I have met quite a few famous and eminent people, and my impression of many - indeed most - is of people buoyed-up with conceit - cheerfully and aggressively bobbing-about on the surface of the world; unsinkable; self-righting; indifferent to the vicissitudes of wind and weather - if pressed down, only to pop-up again somewhere else wearing the same fixed grin or grimace.
It is, perhaps, not exactly pride that they exude; but something lesser: an air of being enormously pleased and excited by themselves - of life as a series of opportunities for showing-off to themselves.
This is a disconcerting recognition when I have, for example, admired a book by that person - have perhaps even sought-out the meeting.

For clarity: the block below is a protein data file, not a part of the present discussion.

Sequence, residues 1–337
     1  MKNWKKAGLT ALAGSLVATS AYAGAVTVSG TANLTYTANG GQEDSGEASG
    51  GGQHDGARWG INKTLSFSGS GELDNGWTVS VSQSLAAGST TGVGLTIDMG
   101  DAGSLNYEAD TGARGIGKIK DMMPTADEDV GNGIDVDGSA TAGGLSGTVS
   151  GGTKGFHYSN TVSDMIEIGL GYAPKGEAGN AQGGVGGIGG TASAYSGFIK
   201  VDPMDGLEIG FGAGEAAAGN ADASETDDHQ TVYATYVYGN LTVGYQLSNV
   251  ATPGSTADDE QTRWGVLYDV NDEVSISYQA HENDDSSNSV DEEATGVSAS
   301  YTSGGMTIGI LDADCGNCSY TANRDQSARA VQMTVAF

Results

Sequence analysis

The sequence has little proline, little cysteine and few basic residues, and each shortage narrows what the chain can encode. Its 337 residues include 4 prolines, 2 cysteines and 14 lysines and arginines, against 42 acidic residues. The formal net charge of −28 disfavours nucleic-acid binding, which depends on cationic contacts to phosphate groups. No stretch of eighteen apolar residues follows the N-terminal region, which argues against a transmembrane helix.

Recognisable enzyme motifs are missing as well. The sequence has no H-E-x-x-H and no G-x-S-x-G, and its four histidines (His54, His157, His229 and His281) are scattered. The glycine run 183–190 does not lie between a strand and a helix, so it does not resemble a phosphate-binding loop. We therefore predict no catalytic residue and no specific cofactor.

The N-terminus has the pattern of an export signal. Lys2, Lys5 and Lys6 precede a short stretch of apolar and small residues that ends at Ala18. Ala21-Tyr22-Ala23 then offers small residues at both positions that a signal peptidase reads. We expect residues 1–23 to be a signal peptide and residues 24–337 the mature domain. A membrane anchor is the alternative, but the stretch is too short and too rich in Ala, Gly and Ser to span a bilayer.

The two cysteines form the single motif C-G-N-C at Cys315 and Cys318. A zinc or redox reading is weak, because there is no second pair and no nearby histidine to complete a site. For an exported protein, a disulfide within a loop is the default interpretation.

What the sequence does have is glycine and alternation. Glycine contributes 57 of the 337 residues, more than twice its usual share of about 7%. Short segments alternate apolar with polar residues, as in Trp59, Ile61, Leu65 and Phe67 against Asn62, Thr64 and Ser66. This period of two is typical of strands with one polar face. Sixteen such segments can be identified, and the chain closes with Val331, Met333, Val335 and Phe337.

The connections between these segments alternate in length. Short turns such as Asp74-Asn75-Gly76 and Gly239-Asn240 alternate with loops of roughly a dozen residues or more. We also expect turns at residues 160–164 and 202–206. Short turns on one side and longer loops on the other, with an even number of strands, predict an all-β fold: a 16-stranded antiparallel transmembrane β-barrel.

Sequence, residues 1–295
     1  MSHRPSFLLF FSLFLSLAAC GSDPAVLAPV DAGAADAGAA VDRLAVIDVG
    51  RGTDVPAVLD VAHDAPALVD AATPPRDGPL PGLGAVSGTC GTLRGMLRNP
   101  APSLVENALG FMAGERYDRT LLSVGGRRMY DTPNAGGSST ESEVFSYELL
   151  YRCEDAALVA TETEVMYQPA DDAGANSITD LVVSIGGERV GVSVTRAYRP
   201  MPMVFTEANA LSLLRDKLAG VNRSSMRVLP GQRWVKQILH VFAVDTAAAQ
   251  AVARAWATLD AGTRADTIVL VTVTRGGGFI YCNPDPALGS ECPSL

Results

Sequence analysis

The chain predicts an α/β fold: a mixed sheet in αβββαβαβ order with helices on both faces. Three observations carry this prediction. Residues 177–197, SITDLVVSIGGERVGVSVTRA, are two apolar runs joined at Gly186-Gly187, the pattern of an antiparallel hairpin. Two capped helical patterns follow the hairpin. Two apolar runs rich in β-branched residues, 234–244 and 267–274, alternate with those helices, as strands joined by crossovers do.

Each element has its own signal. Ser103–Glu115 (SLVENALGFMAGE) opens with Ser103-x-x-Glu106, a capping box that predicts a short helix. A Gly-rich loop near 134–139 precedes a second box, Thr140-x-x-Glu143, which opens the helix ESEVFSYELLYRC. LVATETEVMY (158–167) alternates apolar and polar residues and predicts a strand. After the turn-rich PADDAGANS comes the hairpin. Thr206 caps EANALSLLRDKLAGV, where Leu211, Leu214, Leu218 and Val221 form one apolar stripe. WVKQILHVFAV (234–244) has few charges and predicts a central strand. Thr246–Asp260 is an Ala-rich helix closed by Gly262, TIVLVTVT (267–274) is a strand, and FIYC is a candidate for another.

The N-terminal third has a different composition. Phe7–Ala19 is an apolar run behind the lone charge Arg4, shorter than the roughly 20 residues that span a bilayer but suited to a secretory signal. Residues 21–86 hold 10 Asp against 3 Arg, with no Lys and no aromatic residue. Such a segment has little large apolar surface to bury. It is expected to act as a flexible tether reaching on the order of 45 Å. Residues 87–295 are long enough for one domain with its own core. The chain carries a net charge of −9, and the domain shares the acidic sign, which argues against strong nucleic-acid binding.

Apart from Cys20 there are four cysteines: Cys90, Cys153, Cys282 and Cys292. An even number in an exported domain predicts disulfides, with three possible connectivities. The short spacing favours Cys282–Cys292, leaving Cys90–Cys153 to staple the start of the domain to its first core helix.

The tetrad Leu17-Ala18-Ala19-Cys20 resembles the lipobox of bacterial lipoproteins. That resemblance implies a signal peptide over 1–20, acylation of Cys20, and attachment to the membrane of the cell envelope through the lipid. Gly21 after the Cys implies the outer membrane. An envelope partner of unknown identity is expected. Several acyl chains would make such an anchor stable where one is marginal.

Disconcerting, and indeed dismaying; since there is not only an absence of human contact or of engagement but - apparently - no possibility of it.
Which is real-est, the book or the person? Going back to the book holding the key of the personality can also be a dismaying experience- because it often seems clear that the book was primarily motivated by the same conceit, and that I had been fooled into reading-into it, something what was not really there.
Perhaps I am sensitized to this matter - to the possibility that someone may have self-conceit as their modus operandi, dominating over decades, presumably unto death - since I have myself experienced it for short periods: a heady delight at my own wonderfulness such that little else seems to matter but that the rest of the world be allowed to share in it.
At any rate, my impression formed over many years is that the Western intellectual elite - up to the most elevated level - consists mostly of people of this general type: irrepressible, smug, and fiendishly energetic.